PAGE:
Tuesday, May 6, 2008

Character and your Credit Score

In my post on Tuesday, I made the following statement, "...(Many companies are beginning to use Credit Reports on applicants as an evaluation tool.)" I want to go into more detail on this comment and what some companies may believe your credit history says about you.

First, let me explain a basic fundamental taught at colleges across the U.S. This fundamental is that there are 5 C's to your credit worthiness as a borrower. They are Capacity (ability to repay loan), Capital (money you have personally invested in the business, home, etc.), Collateral (pledging an asset you own - mortgages are in most cases based on the home), Conditions (what is the money being used for...), and Character (general impression you make on the lender, experiences, past history etc.).

Banks and other Lending Institutions use your credit score/history, which displays the above 5 C's, to evaluate your "worthiness" as a borrower to receive a loan against your new home or business. Your credit score takes into account your past history on "credit" you have been granted through these various channels. So at some point, your character/responsibility level to repay these debts comes into question. Now employers are beginning to use, with permission from the job applicant, a credit report to further examine the applicant.

I read a past bloggers take (See Tech Republic) on Companies using credit scores/history as an evaluation tool. I then read the article by Diane Lewis, "Qualification: Must have a good credit history." and researched a few more websites including this report in early April by Channel 7 ABC in Los Angeles (ABC 7 Report). Note the retraction regarding the credit score vs. credit history. The companies don't care about your score but they do about your history because many times history is an indicator for the future.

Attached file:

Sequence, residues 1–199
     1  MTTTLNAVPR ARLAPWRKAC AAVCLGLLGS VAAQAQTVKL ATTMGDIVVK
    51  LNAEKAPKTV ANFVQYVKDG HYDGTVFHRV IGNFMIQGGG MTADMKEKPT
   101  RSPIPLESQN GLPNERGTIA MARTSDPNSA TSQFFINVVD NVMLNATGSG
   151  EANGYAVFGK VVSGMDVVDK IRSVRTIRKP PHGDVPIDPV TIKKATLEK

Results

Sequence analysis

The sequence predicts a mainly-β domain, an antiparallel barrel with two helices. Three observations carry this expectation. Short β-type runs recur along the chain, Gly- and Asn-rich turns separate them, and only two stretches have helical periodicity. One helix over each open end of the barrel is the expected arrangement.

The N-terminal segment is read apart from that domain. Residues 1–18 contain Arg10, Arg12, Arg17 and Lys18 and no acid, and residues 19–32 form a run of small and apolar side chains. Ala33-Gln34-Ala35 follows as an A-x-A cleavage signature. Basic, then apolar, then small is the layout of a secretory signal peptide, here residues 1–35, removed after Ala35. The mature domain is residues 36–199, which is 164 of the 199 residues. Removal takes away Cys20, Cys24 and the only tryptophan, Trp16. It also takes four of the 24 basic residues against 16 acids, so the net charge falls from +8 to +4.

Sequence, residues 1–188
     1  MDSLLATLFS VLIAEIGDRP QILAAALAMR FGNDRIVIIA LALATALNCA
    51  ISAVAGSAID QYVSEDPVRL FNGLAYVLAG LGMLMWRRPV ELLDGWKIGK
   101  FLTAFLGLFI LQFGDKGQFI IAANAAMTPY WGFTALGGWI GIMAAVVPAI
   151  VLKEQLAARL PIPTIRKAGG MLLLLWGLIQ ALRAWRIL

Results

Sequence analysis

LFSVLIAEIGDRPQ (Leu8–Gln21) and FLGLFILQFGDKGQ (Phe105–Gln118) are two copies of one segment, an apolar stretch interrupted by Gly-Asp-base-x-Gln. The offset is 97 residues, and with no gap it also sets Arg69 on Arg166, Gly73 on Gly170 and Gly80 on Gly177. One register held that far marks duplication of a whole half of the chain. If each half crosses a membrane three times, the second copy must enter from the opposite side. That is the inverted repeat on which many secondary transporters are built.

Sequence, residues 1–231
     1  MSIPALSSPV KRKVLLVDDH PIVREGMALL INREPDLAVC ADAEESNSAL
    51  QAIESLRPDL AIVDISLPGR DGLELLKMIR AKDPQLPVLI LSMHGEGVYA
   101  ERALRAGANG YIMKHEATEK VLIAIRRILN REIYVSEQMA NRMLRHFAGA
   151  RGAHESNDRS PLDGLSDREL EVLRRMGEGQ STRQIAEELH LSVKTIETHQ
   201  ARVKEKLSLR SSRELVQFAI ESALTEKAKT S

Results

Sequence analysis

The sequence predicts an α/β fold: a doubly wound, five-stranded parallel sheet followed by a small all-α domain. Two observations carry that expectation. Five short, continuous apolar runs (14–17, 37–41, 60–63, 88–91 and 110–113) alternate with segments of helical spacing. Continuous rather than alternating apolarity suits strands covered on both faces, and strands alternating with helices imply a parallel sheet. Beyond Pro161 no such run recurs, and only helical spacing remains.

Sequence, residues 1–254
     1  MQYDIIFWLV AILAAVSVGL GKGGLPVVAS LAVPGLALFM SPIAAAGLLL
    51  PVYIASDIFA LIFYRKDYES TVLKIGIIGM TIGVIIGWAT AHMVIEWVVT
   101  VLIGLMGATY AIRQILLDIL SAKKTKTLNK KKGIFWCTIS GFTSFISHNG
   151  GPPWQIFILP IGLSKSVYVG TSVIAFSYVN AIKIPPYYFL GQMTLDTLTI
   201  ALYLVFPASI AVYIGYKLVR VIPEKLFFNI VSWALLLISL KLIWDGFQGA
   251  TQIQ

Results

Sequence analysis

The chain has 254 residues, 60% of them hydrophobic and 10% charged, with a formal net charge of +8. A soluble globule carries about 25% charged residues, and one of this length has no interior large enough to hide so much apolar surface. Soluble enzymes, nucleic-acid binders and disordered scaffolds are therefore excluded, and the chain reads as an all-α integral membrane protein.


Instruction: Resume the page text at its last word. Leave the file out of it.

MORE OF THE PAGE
Since researching I am sure: 1) That if the credit history gives a clearer picture of a person's background than a reference or resume it should be used and 2) That I am not clear as to what the public believes regarding this issue.

What do you think? Do you believe that a person's credit history should determine whether they are hired by a company or not? Does credit history really speak to a person's character?

I read many of the comments from the Tech Republic blog site and most of them discussed extenuating circumstances that led to difficulty in past credit history. However, I do believe that how one handles those circumstances does speak to their character/financial responsibility/integrity. And if there were extenuating circumstances surrounding a person's history and they believe it may cause an issue with a potential company, should they not explain the situation and speak to how they are repairing/dealing with the past situation?

I am very interested to hear what you think. Please don't hesitate to comment on this article.

1 comment:

Anonymous said...

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